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Knitting Creatively On A Budget

Mar 2, 2009

Times are tough. No denying that. But we knit for joy, and anything done for joy is worth finding a way to do, no matter what the challenges. The more joy, the more solace, the more calm we can bring to this crazy world, the better.

So what are some ways to find that creative joy on a budget?

I've been using the Just One Skein strategy lately. When I feel a yarn jones coming on, I go on a treasure hunt at my LYS and purchase Just One Special Skein--after all, a single skein at the local yarn shop often costs less than ordering out for pizza. (It's about priorities: Pizza? or yarn? No contest there.)

This strategy works better than trying to deny myself "yarn fixes" completely (as any dieter knows all too well), and it also helps support my local yarn shop so they can stay afloat. I stay within my budget; I get some pretty new yarn; and my local knitting shop that gives me so much joy throughout the year benefits too! It's all good, both for me and for my community.

But how do you make the most of these small yarnly pleasures?

 

What do you make with a single skein of yarn? Here are some ideas:

Knitted cuffs: Plain ribbed ones keep your wrists warm and flexible; add a bit of lace to the edges that will peek out from under your coat, and you have just given your wardrobe an inexpensive upgrade!

Colorful hat: Right now I'm knitting a bright pink/purple hat out of a single skein of bulky yarn. 60 sts around on size 11 needles, 30-40 rounds, and presto! A quick bit of warm and color to brighten up my snow apparel.

iPod case: Knit several out of a single skein, and you have gifts for your friends. Personalize with buttons from your button box, or special beads in your stash.

Neckwarmer: Sometimes scarves aren't exactly what you want--neckwarmers, a simple knitted tube that acts like the neck of a turtleneck sweater, are fast, simple, and make great gifts.

And, of course: Baby clothes! The little bolero you see in the photos here is one I made for a friend's baby last year out of one skein of really nice organic cotton.

 


 

One Skein
A great book of quick patterns using a single skein of pretty yarn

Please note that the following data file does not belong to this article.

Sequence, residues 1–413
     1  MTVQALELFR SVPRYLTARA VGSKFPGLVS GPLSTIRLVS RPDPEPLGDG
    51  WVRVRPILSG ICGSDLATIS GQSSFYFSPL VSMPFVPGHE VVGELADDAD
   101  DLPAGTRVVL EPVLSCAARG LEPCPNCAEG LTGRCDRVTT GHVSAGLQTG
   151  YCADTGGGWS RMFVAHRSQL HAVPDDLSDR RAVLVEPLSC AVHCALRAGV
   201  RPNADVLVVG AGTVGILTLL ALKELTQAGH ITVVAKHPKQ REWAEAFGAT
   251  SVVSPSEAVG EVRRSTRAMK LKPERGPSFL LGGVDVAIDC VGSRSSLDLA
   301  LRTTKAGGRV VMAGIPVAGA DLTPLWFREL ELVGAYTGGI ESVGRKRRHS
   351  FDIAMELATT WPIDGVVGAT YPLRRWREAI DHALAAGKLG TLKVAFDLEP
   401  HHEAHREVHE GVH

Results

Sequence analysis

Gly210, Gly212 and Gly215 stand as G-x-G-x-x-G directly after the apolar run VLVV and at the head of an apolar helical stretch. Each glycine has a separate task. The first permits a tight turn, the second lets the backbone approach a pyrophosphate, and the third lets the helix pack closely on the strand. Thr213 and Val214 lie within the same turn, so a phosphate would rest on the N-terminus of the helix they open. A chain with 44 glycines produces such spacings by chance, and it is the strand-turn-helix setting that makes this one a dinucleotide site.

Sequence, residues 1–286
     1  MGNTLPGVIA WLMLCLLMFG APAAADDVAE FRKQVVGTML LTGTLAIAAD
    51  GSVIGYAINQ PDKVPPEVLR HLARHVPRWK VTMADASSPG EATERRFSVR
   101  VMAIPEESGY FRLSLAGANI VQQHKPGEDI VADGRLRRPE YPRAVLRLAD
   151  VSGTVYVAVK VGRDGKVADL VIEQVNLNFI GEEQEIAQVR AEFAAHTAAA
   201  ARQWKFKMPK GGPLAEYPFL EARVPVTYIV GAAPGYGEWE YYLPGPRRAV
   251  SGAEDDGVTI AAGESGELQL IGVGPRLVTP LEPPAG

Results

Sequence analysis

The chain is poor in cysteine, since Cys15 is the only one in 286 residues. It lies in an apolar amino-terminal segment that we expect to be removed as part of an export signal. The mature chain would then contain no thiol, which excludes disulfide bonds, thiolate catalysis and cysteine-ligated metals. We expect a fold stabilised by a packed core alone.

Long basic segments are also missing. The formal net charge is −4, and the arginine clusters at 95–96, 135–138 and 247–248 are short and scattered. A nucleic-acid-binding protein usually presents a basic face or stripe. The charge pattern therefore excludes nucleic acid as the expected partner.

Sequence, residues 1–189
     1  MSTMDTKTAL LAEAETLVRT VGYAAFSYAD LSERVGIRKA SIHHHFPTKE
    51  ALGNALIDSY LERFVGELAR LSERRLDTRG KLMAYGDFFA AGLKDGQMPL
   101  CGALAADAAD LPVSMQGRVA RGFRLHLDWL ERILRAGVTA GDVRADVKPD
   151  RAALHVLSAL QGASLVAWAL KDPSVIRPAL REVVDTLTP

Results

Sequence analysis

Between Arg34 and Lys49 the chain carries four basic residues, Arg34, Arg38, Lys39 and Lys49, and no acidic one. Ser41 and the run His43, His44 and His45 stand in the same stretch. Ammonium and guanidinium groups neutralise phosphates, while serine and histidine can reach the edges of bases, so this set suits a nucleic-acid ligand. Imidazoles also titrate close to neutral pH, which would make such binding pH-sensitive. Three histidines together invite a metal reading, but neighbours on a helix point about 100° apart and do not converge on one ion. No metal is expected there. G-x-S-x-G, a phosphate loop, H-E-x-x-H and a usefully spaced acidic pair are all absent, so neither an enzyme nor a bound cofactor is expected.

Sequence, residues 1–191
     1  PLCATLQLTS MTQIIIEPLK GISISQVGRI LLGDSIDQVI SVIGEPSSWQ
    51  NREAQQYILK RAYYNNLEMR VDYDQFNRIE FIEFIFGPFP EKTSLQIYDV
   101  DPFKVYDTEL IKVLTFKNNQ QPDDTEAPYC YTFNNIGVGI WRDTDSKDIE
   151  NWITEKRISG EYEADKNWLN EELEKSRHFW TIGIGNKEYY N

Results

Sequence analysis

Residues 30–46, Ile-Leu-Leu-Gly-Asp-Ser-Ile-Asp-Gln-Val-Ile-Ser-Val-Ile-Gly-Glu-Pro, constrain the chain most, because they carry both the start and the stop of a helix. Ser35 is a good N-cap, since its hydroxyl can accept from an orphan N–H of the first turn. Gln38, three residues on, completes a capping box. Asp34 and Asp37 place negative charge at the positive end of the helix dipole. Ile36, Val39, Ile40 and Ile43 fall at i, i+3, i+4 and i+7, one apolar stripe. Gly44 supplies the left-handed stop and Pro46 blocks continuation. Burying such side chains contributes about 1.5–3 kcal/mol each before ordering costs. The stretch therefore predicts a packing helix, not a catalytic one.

There are books on my shelf that I keep going back to over and over--and this book, One Skein by Leigh Radford, is one of them. I've knit baby gifts, housewarming gifts, and birthday gifts from the patterns in its pages. Need a neckwarmer pattern that a guy would wear? It's in here. Want that cute Baby Bolero pictured above? Take a look at page 60. And if nothing else will do but a couple of knitted cupcakes, they're in here too!  And when I need inspiration for those special single skeins of yarn, this book has ideas aplenty.

Look for One Skein by Leigh Radford at your local yarn shop, or purchase it online from us.

 

 


 



Sandi Wiseheart is the editor of Knitting Daily.

What's on Sandi's needles? I started and finished the a one-skein hat mentioned above this weekend. Nothing better than a quick project out of a great yarn to make me feel ready to go back and tackle a few of my other, longer-term projects with fresh energy.

 


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Comments

RobinB@2 wrote
on Mar 17, 2009 10:06 PM
re: Knitting Creatively on a Budget The book, One Skein, has the most precious baby bibs in it, and that's why I wanted to learn to knit--to make those for baby gifts. Another thought about donations. My dad was in the military and my mom used to knit layette sets for the Navy Relief Society. There also may be churches who could use them for either other churches they have adopted, or poorer people in the church itself, or in the community. Robin
JaynaM wrote
on Mar 4, 2009 9:31 AM
My husband needs a new cardigan sweater and I have a considerable stash of 1-2 balls of yarn in a variety of colors, weights and textures. I'm trying to come up with a pattern suitable for a man, that uses lots of different things but still looks masculine. Suggestions?
Elizabeth wrote
on Mar 3, 2009 9:54 AM
Sandi, What is this sock pattern you are knitting?
BethanyL wrote
on Mar 3, 2009 7:56 AM
i definitely understand the penny pinch.. i just recently lost my job, and thanks to my wonderful aunt who sent me a ton of yarn about 6 months ago , i now have time in between looking for jobs and running errands to knit. it has definitely been a blessing for me. with my time i am working on dishcloths for christmas presents.. and you can get quite a few of them from one skein of yarn. and some of the yarn i have enough to make some shirts or a skirt or two.. keep up the good ideas.. and keep passing them our way